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See below for a selection of the latest books from Medical sociology category. Presented with a red border are the Medical sociology books that have been lovingly read and reviewed by the experts at Lovereading. With expert reading recommendations made by people with a passion for books and some unique features Lovereading will help you find great Medical sociology books and those from many more genres to read that will keep you inspired and entertained. And it's all free!
This book critiques the connection between Western society and madness, scrutinizing if and how societal insanity affects the cause, construction, and consequence of madness. Looking beyond the affected individual to their social, political, economic, ecological, and cultural context, this book examines whether society itself, and its institutions, divisions, practices, and values, is mad. That society's insanity is relevant to the sanity and insanity of its citizens has been argued by Fromm in Sane Society, but also by a host of sociologists, social thinkers, epidemiologists and biologists. This book builds on classic texts such as Foucault's History of Madness, Scull's Marxist-oriented works and more recent publications which have arisen from a range of socio-political and patient-orientated movements. Chapters in this book draw on biology, psychology, sociological and anthropological thinking that argues where madness is concerned, society matters. Providing an extended case study of how the sociological imagination should operate in a contemporary setting, this book draws on genetics, neuro-science, cognitive-science, radical psychology, and evolutionary psychology/psychiatry. It is an important read for students and scholars of sociology, anthropology, social policy, criminology, health, and mental health.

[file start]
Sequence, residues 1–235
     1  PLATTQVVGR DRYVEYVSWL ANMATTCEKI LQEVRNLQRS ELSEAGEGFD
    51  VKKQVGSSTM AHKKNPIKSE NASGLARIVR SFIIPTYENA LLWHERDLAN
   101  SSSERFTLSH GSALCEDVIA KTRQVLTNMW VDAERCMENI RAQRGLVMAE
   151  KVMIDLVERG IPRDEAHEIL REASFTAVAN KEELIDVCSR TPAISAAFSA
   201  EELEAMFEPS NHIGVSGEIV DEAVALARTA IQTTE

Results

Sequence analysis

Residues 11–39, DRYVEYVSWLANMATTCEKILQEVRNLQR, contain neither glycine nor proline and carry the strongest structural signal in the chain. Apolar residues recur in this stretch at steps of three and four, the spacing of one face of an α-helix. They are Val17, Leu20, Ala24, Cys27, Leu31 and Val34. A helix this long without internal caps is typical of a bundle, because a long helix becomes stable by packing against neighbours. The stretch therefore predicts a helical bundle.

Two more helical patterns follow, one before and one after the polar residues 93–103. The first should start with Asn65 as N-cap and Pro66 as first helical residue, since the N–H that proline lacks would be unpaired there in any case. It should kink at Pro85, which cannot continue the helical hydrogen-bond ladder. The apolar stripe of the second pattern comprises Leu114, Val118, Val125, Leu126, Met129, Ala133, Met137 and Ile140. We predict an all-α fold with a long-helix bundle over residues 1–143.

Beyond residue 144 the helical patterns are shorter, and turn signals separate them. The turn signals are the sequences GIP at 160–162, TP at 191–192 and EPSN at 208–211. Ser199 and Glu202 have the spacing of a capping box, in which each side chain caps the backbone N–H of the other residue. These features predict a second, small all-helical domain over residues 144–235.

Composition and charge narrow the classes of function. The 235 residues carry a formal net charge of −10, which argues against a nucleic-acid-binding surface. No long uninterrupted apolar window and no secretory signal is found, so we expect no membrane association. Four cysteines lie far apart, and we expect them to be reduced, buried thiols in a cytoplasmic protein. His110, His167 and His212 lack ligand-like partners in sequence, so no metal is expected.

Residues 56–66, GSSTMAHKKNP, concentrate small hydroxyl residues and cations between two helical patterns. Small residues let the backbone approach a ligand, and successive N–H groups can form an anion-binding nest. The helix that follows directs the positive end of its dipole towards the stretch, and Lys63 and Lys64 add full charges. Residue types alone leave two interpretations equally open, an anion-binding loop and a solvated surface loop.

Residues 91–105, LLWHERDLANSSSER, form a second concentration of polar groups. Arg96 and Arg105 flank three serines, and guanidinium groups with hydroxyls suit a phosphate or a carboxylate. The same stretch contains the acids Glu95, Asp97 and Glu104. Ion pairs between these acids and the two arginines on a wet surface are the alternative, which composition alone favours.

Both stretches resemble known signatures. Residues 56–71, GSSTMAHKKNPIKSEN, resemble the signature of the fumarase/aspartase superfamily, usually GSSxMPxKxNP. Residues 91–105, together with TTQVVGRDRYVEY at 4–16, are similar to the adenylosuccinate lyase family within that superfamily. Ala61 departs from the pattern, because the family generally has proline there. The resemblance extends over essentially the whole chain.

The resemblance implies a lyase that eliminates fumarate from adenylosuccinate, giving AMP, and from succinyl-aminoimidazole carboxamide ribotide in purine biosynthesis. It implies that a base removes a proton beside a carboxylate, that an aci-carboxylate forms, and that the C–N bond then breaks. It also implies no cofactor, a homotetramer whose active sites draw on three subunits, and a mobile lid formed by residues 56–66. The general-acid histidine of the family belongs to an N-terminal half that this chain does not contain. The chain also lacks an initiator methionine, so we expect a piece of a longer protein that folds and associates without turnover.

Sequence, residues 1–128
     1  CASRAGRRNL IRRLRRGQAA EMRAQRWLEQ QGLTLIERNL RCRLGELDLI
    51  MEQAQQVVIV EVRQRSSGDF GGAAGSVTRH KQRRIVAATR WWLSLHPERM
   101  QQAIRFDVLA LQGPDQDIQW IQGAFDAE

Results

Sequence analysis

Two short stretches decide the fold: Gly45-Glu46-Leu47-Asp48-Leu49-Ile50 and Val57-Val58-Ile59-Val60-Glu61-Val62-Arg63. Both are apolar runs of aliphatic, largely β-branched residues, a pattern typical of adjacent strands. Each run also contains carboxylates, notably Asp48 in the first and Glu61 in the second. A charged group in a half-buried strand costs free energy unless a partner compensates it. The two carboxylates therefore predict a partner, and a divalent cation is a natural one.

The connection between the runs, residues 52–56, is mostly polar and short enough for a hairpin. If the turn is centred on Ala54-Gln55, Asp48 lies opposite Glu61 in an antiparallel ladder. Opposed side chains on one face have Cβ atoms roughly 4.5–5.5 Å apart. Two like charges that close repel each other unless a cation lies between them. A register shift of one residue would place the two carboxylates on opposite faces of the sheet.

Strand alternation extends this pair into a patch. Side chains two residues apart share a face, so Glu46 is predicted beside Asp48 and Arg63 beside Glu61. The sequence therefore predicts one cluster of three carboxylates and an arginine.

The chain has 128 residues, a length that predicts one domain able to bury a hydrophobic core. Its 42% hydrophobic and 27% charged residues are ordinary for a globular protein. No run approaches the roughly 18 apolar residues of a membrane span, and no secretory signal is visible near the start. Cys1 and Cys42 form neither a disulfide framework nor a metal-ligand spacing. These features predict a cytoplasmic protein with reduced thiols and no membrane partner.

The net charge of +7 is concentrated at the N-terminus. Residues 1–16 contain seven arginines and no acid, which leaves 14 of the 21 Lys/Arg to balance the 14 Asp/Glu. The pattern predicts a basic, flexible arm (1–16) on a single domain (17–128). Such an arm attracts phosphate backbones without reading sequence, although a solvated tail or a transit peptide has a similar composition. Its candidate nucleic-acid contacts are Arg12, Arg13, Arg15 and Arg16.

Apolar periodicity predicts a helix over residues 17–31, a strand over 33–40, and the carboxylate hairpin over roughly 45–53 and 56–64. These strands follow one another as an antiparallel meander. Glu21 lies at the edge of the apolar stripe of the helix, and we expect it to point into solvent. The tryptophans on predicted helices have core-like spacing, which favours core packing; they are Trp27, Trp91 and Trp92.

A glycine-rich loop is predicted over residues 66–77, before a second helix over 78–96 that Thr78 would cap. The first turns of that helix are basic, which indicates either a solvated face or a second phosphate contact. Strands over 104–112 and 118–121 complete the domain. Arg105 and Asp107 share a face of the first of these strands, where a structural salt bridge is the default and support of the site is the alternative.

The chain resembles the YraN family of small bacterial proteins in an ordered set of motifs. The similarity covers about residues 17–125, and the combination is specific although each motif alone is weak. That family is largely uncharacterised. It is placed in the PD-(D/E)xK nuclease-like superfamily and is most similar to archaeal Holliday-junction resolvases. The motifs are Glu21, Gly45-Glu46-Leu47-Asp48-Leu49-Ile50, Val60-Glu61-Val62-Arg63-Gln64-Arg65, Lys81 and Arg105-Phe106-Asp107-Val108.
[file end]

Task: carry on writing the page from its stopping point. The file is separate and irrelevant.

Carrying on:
The Nocebo Effect documents the transformation of normal problems into medical ones and brings out the risks of this inflationary practice. One notable risk is that people labeled as sick may find themselves living up to their label through the alchemy of the nocebo effect.
Cristina Archetti started researching childlessness after being diagnosed with unexplained infertility . She soon discovered that, although involuntary childlessness affects an increasing number of women and men across the world, this topic is shrouded taboo and shame. This book is both a readable analysis of the way the silence surrounding this issue is socially and politically constructed and a first-person ethnographic account of the existential questions posed by involuntary childlessness. By revealing the invisible mechanisms that, from the microscopic details of everyday life to policy, make up the structure of silence around childlessness, Archetti demonstrates what it means not to have children in a world that increasingly fetishizes parenthood. Through a prose that mixes analysis, excerpts of interviews, media fragments, and evocative writing, she develops a new language of feeling-in-the-body fit for the twenty-first century and exposes the devastating effects that infertility has on relationships, identity, health and well-being. Childlessness in the Age of Communication draws on a range of disciplines and fields including sociology, health, gender and sexuality studies, communication, media studies, politics and anthropology. It is a book for all those interested in childlessness and innovative qualitative research methodologies.